Curse my last minute ticket purchase! – Resulting in ‘worst seat in the house’ at Brighton Dome Theatre; Row Z, half behind a pillar. Even with glasses, I can’t quite get the nuances in Stew’s facial expressions. It probably won’t matter. I’ve had a crush on him since the Fist of Fun days and should be able to predict exactly where the eyebrow raises, denoting the commencement of each carefully monitored pregnant pause, will lie within his material. After all this time, his stand-up may be formulaic and predictable in flow, but Stew is the original creator of a winning recipe and surely, inimitable in the flare and precision with which he delivers it, every time…
…not that I can imagine any chump brave enough to try and rip a whole act structure from the deconstruction-master himself. We all know Stew’s response to unworthy appropriators. Those fools are treated with the same contempt as his critics; publicly stripped bare and dissected with their own sharp words. Tonight, Stew is every bit as harsh on himself and his audience as he is on, say, Rod Liddell, who meets a sticky fate – metaphorically tarred and feathered with gravy and Angel Delight.
Luckily, the pillar complete with fire hydrant, the elongated Egon Schielesque head of the man in front and his wife’s giant cloud of hair don’t impair my view of an ancient gent who takes it upon himself to shout abuse at Stew from the dress circle: ‘I’m dying of cancer and you’re not funny’.
After pointing out the “carelessness” of buying a ticket to see a comedian without first checking YouTube for some idea of what to expect, Stew blows him down with gentle philosophy: “I am as much a prisoner of my expectations of myself as you are of yours and that’s the common ground we have”. It’s a truism close to Stewart Lee’s heart.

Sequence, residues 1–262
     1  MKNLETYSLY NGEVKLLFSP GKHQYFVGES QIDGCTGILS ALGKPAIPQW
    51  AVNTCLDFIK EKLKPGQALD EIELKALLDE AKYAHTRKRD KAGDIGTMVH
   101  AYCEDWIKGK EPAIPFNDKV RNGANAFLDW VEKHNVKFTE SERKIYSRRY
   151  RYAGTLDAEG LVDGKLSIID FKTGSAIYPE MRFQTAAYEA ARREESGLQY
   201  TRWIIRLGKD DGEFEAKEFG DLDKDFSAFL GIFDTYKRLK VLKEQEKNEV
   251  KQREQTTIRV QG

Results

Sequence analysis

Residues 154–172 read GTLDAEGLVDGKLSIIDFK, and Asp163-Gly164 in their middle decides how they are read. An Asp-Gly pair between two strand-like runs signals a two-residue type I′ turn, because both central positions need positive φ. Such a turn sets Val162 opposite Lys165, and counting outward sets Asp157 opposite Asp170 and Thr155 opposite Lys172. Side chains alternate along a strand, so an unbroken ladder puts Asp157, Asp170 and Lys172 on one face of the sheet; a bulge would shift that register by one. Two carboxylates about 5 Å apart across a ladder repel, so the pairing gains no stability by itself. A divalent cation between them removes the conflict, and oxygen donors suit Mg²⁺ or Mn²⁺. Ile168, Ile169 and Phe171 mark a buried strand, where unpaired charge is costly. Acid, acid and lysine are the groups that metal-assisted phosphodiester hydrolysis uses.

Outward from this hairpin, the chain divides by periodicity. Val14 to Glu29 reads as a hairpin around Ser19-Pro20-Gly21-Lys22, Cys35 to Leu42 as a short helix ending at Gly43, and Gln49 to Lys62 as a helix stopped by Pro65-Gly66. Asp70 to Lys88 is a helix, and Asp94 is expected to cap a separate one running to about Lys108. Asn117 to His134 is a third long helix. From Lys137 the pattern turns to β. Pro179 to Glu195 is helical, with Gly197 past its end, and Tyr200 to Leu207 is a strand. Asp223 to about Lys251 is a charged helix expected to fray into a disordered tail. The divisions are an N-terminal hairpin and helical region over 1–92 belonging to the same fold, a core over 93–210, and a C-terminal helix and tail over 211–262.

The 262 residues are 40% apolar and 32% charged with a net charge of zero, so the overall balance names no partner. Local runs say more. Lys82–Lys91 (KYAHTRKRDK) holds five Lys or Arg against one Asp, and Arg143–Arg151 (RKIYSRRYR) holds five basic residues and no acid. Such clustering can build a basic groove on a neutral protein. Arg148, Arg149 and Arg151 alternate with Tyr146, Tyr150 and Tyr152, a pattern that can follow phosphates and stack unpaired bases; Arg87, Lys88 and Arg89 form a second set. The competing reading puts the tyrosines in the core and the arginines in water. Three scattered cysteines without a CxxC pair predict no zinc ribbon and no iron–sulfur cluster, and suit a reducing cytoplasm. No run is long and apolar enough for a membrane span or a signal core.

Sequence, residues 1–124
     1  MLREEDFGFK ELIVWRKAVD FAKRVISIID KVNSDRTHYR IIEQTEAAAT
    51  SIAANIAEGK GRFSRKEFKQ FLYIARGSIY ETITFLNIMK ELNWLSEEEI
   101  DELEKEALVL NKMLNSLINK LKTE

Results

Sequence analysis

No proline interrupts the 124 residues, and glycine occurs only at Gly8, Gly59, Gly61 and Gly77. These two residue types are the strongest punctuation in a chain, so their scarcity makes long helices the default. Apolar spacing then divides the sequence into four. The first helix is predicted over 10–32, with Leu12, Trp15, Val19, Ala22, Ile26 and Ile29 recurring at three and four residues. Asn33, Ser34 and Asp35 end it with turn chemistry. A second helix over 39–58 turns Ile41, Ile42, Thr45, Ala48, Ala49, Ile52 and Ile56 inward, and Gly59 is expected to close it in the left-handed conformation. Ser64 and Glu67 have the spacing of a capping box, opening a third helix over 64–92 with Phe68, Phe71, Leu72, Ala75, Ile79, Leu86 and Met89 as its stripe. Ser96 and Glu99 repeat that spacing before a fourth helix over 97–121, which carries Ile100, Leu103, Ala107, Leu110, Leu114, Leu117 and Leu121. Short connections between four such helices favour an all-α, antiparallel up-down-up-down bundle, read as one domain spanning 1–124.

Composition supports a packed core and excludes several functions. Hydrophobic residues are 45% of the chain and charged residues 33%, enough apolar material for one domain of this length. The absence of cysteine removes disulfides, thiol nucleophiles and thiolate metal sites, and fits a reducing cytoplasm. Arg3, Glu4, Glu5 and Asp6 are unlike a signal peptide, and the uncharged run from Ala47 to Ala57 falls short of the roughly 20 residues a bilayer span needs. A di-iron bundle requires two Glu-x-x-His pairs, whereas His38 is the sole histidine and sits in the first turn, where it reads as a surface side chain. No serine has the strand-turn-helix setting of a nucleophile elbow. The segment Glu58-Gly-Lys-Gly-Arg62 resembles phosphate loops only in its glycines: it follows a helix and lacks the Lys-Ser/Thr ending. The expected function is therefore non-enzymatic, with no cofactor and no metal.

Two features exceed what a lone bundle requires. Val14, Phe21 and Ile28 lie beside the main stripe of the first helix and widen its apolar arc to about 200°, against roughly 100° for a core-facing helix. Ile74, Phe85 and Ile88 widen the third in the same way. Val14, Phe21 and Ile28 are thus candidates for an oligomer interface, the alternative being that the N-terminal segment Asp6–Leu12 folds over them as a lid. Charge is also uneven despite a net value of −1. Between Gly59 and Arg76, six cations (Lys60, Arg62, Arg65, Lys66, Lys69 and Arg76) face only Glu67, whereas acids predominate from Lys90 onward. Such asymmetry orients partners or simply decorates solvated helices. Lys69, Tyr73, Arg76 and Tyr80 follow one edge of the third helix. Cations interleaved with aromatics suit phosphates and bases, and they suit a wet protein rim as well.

For all his self-congratulatory spiel, Stew never fully transcends that signature air of self-loathing and misanthropy. Nothing he does will ever be good enough for him, and it’s the same for us, his over-privileged, middle-class audience. We’re ashamed of ourselves for having let the world get into this awful fucking state whilst purporting to be smart enough to see through the media’s reality sham…
And that’s what we’re here for, isn’t it? – Group therapy for the collective guilty conscience, not an evening of cheap laughs. Someone should have told the heckler; you will often wait a good half hour for a punch line, with Stew providing no more than a few sniggers to keep you going. He’ll test your endurance to the limit before you’re allowed an emotional climax. Even then, it’s often a dry orgasm; you find yourself at the end of a winding thread, having followed it for miles, thinking, ‘fuck, that was seriously clever’, not ‘oh no, I think a little bit of wee came out.’ But that is enough. It’s more than enough because what we’re really being offered is something much bigger than comedy – we’re being given a space in which we can unite in social opinion and political stance: